“Then when she’d get out there, she’d have so much fun. She loved the competition. She was always one of the best on the team. She loved playing safety. She would play in the back, and with her soccer skills — she plays defense in soccer — no one could get by her. She would pull their flag and politely hand it back.”

Sa'Mir Braccey, 17, throws a pass as she tries out for the Redondo Union High School girls flag football team on Thursday, Sept. 1, 2022, in Redondo Beach, Calif. Girls flag football officially became a sanctioned California high school sport on Friday, Feb. 3, 2023, after the state's athletic governing body approved the proposal by a vote of 146-0. (AP Photo/Ashley Landis, File )Sa’Mir Braccey, 17, throws a pass as she tries out for the Redondo Union High School girls flag football team on Thursday, Sept. 1, 2022, in Redondo Beach, Calif. Girls flag football officially became a sanctioned California high school sport on Friday, Feb. 3, 2023, after the state’s athletic governing body approved the proposal by a vote of 146-0. (AP Photo/Ashley Landis, File ) 

While the news Friday is certainly a positive step for aspiring players, don’t expect many sign-up sheets just yet at Bay Area schools.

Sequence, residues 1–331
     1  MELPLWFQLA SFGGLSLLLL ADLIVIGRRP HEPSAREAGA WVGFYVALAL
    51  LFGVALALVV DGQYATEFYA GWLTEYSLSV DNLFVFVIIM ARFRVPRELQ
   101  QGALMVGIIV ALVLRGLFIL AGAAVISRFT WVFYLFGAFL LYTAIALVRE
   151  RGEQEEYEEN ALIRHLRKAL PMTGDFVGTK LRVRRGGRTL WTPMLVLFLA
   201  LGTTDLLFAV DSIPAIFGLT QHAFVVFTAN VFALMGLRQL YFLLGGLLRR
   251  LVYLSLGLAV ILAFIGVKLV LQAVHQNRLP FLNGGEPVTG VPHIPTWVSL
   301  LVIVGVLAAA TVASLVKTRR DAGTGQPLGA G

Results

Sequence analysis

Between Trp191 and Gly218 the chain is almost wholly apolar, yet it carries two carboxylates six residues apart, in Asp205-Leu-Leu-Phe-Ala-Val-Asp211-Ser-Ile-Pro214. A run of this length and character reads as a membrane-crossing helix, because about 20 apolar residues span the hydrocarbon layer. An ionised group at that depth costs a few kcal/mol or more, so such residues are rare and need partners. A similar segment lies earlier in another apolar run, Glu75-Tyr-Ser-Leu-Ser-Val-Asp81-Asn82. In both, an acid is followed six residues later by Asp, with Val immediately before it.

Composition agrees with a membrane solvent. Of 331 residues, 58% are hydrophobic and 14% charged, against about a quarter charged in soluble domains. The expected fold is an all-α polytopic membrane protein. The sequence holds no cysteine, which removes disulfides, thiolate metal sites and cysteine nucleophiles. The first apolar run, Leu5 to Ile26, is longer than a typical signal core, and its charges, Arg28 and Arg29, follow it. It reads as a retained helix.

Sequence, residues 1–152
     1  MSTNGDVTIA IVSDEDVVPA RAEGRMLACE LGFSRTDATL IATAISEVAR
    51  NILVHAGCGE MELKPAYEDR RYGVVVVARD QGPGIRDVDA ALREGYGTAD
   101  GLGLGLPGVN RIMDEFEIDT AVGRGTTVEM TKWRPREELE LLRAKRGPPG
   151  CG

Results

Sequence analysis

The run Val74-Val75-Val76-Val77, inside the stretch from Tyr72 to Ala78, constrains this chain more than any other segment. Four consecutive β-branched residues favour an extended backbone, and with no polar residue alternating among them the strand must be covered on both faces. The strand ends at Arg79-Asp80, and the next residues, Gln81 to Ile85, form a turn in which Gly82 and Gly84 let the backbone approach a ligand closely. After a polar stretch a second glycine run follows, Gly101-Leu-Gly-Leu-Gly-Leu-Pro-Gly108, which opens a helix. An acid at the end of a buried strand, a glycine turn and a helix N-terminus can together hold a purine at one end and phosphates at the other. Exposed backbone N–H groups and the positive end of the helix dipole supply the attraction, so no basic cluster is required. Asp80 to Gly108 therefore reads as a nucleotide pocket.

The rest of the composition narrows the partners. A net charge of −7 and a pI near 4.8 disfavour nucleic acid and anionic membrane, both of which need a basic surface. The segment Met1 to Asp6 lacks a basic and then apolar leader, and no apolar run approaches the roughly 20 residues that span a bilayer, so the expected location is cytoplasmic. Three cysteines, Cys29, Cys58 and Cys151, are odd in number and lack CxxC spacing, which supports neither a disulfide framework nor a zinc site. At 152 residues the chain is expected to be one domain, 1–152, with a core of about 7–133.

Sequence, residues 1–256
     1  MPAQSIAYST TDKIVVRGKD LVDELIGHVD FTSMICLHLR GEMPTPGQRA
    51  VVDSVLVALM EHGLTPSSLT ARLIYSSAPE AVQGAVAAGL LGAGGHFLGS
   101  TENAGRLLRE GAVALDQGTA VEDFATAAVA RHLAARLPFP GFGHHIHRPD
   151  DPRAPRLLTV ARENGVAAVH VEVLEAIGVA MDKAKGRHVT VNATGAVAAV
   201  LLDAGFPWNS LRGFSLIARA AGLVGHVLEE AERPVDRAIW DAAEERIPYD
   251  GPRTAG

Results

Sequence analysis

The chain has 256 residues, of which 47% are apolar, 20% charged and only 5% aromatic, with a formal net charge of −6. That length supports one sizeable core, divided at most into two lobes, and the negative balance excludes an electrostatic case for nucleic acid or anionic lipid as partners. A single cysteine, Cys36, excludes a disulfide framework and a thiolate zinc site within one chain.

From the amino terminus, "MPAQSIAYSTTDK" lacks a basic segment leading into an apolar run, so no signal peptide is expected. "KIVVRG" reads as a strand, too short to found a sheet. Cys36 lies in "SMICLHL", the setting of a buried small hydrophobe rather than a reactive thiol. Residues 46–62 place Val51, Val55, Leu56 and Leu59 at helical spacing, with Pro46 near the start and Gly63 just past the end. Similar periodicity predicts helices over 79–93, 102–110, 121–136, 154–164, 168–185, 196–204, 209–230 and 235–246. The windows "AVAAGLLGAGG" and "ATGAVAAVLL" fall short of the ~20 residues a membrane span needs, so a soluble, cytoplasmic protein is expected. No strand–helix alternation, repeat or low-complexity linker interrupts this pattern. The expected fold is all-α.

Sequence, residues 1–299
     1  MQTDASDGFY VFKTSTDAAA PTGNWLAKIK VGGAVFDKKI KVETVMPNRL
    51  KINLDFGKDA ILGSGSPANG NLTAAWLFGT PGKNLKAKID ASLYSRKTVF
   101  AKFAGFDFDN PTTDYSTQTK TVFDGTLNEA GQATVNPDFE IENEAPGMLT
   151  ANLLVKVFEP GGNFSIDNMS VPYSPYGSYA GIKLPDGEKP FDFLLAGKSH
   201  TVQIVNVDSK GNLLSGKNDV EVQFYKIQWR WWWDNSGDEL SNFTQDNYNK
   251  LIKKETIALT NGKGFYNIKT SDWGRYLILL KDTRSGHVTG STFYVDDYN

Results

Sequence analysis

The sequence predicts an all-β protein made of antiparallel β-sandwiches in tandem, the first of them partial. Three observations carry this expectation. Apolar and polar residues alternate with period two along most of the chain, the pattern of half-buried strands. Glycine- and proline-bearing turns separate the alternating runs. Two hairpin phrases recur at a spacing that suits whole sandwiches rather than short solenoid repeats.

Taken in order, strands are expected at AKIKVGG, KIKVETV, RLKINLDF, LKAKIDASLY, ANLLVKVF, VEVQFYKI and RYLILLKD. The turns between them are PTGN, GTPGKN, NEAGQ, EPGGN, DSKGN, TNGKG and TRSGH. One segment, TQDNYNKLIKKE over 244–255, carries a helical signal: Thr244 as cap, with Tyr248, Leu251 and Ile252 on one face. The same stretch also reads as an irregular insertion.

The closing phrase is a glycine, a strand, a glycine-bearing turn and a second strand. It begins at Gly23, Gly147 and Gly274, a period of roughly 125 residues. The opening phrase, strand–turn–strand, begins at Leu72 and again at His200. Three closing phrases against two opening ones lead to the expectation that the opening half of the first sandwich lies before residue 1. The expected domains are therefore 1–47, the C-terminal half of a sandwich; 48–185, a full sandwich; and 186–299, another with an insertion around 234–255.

Though administrators say athletic programs could offer the sport next school year, there are infrastructure hurdles to clear to make that a reality — namely the availability of fields, coaches and game officials, as well as student interest and when the sport will fit on the calendar.

The CIF approved girls flag football as a fall sport, completing a process that began when the Southern Section presented the proposal last year.

Sections are not mandated to play the sport in the fall, administrators say. But if they don’t, their teams would not be eligible for regional and state championships if the CIF adds them for flag football.

At this point, it remains unclear who’s in.

The North Coast Section, which extends from the East Bay to the coastal side of the Oregon border, has a clear path for its schools to start right away because many of its members do not offer an outdoor sport for girls in the fall that requires a football-sized field.

NCS commissioner Pat Cruickshank said this week that there is quite a bit of interest in his section, noting that schools have called his office asking about it.

“It feels like this is going to go and probably pretty quickly,” he said. “I won’t even begin to predict how many teams. But I would think we could have a significant amount of teams in the first year to get started, and I think it would just go from there. There’s an excitement about it that I don’t think I have seen with any other new sport.”